So what does it look like for a character to actually learn about their extraordinary powers over the course of a novel? Is it believable that they would start out fully knowledgeable in their understanding, or would there be gradations of trial and error, of setbacks and success, of growth? A character learning to use concussive force blasts will provide their own limitations in the form of their inexperience. Be encouraged to explore that. It could be a much more resonant and effective restriction than a target that has to be within X amount of feet.  Even as the character grows in the use of their powers, surpassing old limitations, the learning process by nature should continue to supply new thresholds for them to meet and be challenged by.

 

In the sci-fi novel Psion by Hugo Award-winning author Joan D. Vinge, the main character Cat is recruited into a psychic research program. The technicians are able to determine the vast amount of telepathic power Cat possesses; they can ascertain what he should be able to do… But Cat can’t do those things because doesn’t know how to be psychic. Even as he gains greater understanding and command of his telepathy throughout the course of the novel, his learning curve continues to provide natural limitations and challenges for him in the use of his powers.

 

Of course, not every story’s main character is a fish out of water. While most superhero stories handle the initial emergence of the primary hero, some characters come to the plate further developed than others. And that’s fine. Even in those instances, I’d encourage writers of superhero fiction (especially novels) to consider the learning curve (specialized here, perhaps) as well as the more concrete and specific limits meant to rein in the chosen superpowers.

 

Wolverine can be used as an example of an already expertly-skilled character forced to negotiate the learning experience. When he first joined the X-Men, he was leagues beyond his teammates in training, combat experience and the use of his mutant powers. Despite this he still had a significant learning curve dealing with the way the team functioned and occasionally his approach to obstacles was more detrimental than helpful. Additionally, it was because of his experiences with the X-Men that he learned to take more control of his berserker rages, which were a danger to everyone.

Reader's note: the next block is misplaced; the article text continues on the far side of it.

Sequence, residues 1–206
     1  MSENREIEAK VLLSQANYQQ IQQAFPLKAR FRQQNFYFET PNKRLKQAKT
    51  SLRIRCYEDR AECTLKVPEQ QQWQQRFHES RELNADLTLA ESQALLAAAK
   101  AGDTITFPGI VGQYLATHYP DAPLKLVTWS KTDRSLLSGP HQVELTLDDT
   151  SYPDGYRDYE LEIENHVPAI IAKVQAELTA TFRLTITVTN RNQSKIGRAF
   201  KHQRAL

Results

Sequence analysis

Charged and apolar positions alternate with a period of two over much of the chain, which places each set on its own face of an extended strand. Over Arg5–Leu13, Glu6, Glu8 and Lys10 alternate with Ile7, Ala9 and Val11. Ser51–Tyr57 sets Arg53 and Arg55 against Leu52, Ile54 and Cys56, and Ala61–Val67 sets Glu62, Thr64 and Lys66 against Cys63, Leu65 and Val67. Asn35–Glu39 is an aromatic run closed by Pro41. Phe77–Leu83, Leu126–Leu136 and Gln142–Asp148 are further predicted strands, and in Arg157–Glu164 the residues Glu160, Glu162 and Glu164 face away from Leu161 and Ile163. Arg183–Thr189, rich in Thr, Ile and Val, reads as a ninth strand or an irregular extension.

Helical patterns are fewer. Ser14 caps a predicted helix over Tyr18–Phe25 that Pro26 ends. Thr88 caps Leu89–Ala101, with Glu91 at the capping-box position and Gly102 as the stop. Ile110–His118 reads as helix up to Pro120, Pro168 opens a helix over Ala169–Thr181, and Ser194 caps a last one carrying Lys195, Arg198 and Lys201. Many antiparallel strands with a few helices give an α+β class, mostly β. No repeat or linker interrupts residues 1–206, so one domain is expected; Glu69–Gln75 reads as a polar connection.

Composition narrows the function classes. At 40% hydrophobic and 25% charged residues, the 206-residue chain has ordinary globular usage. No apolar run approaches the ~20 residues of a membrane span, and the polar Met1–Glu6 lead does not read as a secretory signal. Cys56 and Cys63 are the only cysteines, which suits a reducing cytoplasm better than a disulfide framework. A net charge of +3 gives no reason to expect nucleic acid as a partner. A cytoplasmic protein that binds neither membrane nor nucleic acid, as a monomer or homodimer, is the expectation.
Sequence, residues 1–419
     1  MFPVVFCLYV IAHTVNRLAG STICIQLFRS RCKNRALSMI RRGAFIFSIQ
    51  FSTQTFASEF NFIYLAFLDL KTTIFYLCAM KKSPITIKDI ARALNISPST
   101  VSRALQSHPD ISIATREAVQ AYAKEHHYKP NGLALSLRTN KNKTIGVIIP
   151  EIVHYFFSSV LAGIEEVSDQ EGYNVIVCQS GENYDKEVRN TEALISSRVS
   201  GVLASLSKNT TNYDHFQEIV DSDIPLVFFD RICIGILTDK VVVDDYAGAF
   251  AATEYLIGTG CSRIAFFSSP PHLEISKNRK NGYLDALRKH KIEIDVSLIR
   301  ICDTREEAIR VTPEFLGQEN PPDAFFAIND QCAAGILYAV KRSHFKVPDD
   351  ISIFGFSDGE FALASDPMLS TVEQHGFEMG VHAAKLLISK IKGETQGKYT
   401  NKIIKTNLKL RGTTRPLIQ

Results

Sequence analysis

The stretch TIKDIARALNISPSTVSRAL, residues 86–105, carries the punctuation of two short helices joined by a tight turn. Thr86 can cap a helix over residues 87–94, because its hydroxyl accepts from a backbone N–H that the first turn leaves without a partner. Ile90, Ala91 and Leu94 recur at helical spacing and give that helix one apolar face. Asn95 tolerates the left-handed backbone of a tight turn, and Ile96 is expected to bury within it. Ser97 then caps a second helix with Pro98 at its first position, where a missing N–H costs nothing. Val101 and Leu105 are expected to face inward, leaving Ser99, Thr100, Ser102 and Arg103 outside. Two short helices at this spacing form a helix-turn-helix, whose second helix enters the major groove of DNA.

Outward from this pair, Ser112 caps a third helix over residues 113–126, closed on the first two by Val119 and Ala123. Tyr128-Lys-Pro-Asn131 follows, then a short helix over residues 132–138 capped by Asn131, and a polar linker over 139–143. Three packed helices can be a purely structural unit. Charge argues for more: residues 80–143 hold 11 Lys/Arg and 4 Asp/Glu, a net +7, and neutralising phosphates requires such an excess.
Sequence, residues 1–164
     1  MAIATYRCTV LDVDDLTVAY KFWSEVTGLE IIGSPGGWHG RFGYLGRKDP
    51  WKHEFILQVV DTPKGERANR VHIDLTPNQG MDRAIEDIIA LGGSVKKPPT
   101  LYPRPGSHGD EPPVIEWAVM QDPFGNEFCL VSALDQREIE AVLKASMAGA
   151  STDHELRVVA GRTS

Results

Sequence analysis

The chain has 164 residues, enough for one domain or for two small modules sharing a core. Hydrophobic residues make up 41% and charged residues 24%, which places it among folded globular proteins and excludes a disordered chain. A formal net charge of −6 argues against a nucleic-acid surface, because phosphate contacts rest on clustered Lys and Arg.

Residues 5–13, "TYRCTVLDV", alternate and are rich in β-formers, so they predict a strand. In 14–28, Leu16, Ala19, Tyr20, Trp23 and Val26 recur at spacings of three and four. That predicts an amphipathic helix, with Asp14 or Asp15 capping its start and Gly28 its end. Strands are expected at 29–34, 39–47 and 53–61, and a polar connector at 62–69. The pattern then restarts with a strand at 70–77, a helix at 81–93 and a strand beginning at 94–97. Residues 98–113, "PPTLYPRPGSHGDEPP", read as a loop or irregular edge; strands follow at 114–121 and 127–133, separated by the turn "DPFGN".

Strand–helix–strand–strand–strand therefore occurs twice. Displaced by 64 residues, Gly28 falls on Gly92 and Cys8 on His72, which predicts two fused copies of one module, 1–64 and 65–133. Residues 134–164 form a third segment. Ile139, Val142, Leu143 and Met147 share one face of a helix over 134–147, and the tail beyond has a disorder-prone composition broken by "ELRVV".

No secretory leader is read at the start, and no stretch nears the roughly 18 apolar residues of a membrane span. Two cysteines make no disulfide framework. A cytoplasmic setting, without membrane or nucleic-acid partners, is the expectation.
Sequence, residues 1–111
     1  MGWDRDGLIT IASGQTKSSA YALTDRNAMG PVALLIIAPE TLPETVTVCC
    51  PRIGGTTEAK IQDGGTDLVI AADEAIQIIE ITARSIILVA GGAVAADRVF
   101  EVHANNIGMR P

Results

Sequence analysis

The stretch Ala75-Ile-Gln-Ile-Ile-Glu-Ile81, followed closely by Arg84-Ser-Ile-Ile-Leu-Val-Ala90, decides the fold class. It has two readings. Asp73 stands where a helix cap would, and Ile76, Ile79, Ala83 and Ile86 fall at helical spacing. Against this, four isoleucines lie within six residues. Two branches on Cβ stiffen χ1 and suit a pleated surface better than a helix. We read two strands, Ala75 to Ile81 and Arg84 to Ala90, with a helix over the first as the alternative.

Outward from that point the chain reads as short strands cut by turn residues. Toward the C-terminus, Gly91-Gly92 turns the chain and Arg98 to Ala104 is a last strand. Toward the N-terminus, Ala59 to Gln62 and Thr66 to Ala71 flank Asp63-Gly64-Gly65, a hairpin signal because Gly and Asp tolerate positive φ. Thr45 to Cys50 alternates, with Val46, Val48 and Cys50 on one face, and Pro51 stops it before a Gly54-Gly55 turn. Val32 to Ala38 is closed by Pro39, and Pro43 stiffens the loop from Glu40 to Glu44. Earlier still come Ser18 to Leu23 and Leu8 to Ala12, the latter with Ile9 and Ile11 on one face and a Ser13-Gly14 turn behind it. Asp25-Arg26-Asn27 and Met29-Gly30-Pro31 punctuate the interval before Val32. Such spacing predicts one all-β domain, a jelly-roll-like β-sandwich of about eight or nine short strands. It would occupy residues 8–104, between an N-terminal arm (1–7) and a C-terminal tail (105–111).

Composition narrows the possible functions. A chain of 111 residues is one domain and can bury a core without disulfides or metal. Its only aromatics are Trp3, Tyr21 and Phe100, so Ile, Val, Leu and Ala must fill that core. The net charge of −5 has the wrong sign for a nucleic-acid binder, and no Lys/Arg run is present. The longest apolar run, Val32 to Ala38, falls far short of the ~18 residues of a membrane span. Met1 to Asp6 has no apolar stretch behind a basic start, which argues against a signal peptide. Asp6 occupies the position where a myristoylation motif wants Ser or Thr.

Well-rounded characters resonate more with readers. Going through the journey of learning to use superpowers along with those characters – most notably experiencing how that process provides limitations, checks and challenges in organic and relatable ways – can contribute greatly to the development of that relationship, potentially endearing readers even more than originally considered.

 

To finalize, focusing on the superpower learning curve can be an enormous boon as there are potentially countless ways writers can incorporate it regarding their character’s superpowers, specifically as a means to limit those powers. These elements can be made to manifest as significant and effective by simple virtue of being so unknown, or it can be more a matter of learning to use familiar capabilities in entirely uncharted situations. In either instance, this also demonstrates the flexibility and personalization of the learning curve, in that it can be uniquely shaped to fit each character. This kind of development and attention to theme can greatly increase the depth and resonance of a novel while providing necessary restrictions and challenges for the characters within them.

 

4 responses so far

May 01 2014

And now, an exciting business opportunity in Ghana!

Published by under Comedy,PG-13

One of my coworkers (who asked to remain anonymous) received this business proposal from Ghana.

 

Dear  Maccabee

My name is Barrister Agams Enoch Mifetu, the personal attorney of late Mrs.Eunice  Maccabee based here in Accra republic of Ghana I did a lot of web search before choosing your contact from the skype. It is with trust and sincerity that I approach you for assistance in this business.

Please do accept my apology if my mail infringes on your personal ethics and honestly it will be my humble pleasure if we can work together.

I would like you to act as an executor of late Mrs.Eunice  Maccabee my deceased client who made a deposit of (US$14,000,000.00) with a Bank here in Ghana a few years back. She died in Plane crash with her husband and their only child leaving behind no next of kin. And a citizen of my country cannot stand as  next of kin to late Mrs.Eunice  Maccabee that is why I contacted you.

Dear friend I am ready to share 70/30 with you, if you are interested mail me immediately for further details in this great future relationship.

If you are interested write me with your email and telephone number,reply me immediately. 

Regards.

Barrister Agams Enoch Mifetu

_________________________

Dear Honorable Mifetu,
Thank you exceedingly much for contacting me! It has been many years since I have heard the name Eunice. What a shock it was to hear that name again and from such a surprising, but altogether trustworthy, source.